What if I told you your Sales team could tap into a highly engaged group of people who would create more than double the deals you currently generate? And that these deals would be two times larger in dollar value?
Sounds too good to be true, no? Not when you've fostered an authentic community.
According to Erica Kuhl, former VP of Community at Salesforce, members who engaged in their community were:
TLDR: community is a sales game-changer — and it’s time for Sales teams to include community as an intentional part of their strategy.
If you’re a Sales leader reading those numbers, you’re probably salivating just a little bit. But before we go any further, an important caveat: for community to generate this kind of value for the Sales department — and all other facets of your business, for that matter — it cannot be treated exclusively as a sales tool.
There’s nothing worse than joining a community and having your first touchpoint being a salesperson reaching out because joining the community triggered some alert in their sales system. Sales teams should not run or set community strategy, nor should communities exist solely to drive sales. (We unpack that a little more in our blog, How Community and Sales Can Work Together — Without Losing Members' Trust, if you’re after more detail).
That said, Community and Sales can be close collaborators and partners in driving revenue in authentic and holistic ways, while also driving community growth and providing value for members.
I propose one of the best ways to build intentional outcomes between Community and Sales teams is to turn your Sales Development Representatives (SDRs) into Community Development Representatives (CDRs).
A traditional Sales Development Representative has a fairly simple goal, at least at the surface level. Their job is to find qualified prospects and turn them into sales meetings for an Account Executive. Very often this process can look a bit like this:
This experience is frustrating to both the buyer and the seller, and it doesn’t provide much value to either side until a sale happens (if it happens at all).
Which is where the Community Development Representative comes in. A CDR would do the same thing as an SDR, with one major addition: a CDR puts community invites and engagement between the prospect and sales meeting step. This creates an authentic way of providing value to the prospect and the community, while also creating a path to true relationship building.
For the CDR, this is not quite as simple as adding a community invite or link to a sales email. The C in CDR would require the individual to be authentic in how they invite and welcome the prospect to the community, as well as focusing on providing engagement opportunities beyond the initial invite.
CDRs should work closely with the Community team — in their outreach, they can use content the team or members have created that’s relevant to their prospect, invite them to upcoming (relevant) events, share insights into publicly-shared pain points, etc. All of these behaviors can be learned by being an active participant in the community and working with the Community team to get a deep understanding of members and what the team is creating.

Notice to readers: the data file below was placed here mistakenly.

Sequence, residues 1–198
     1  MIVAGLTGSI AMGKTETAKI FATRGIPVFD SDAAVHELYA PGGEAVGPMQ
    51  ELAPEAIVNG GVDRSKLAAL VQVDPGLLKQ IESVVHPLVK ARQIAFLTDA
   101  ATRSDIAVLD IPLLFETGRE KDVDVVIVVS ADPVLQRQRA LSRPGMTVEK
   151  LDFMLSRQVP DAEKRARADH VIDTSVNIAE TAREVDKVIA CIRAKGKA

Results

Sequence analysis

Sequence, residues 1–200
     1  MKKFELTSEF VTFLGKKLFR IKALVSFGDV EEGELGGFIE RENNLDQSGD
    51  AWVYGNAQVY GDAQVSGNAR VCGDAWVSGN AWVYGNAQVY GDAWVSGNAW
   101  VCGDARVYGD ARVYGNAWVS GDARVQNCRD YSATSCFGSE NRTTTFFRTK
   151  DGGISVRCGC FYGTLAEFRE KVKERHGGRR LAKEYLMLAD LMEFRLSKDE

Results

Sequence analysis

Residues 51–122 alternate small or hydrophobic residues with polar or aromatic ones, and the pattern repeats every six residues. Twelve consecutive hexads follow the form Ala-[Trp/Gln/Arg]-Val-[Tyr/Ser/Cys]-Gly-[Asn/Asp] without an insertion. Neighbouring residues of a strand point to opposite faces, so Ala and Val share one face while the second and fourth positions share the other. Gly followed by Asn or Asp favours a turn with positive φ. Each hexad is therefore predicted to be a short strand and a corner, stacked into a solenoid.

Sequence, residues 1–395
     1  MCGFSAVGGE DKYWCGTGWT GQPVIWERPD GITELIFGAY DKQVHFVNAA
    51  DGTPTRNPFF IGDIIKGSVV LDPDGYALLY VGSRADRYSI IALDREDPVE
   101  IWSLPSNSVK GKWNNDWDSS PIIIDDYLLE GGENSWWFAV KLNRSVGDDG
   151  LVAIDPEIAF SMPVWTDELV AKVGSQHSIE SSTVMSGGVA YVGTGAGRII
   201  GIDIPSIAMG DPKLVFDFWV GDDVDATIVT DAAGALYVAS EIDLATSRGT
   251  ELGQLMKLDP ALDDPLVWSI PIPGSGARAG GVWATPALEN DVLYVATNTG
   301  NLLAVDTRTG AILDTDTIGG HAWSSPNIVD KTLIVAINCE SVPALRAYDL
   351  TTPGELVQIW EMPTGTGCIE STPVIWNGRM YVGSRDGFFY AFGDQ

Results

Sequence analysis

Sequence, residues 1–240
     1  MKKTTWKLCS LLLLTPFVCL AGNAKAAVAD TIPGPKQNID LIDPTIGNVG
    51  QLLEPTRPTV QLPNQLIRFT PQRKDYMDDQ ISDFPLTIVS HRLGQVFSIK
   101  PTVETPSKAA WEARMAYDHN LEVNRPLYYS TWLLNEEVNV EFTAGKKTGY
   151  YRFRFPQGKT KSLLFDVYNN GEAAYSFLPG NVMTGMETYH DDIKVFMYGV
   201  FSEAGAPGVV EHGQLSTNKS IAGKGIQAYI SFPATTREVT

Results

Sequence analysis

So rather than the frustrating conversations outlined above, a CDR’s communication would look something more like:
In a nutshell: while a salesperson focuses on getting a chance to talk to you about the product, a CDR focuses on the community first.
At Commsor, our incredible Community team has built a thriving Community of Practice, The Community Club. It’s a community for community professionals that exists completely independently of our products (although almost all of our customers are active members).
With our Community-Led focus, we’ve found the CDR approach is something that’s evolved organically over time within our Sales team. They’re among the most active members of our community internally, and have built robust relationships with members — so much so that they’re often the ones approached for demos!
I can’t tell you how many times I’ve gotten on a 30-minute sales call with someone, only to have them spend the first 15 minutes telling me how much they enjoy our community and how much value it’s provided them. We know that it impacts the bottom line — our average contract value is 42% higher with community members than non-members.
Of course, in an expanding community of 1,000s, it’s not always easy to keep track of leads or industry MVPs. We use CommsorOS’s Key Account Tracking feature to help us manage potentially important prospects when they join. It alerts the team when we have a new member joining us from a specific company.
Combined with our other features like Auto Welcome Message and Company View, we can cater introductions and a welcome to this person from the moment they join, as well as see others from the same company in our community and how they've been engaging.
This takes a lot of the heavy lifting out of the CDR’s research, so they can focus on their ultimate goal: to build a relationship, and providing real value to a prospect. After all, communities exist for you to build value with, not simply extract value from.
Sales is not the only team that can benefit from a Community-Led strategy — here’s more advice on: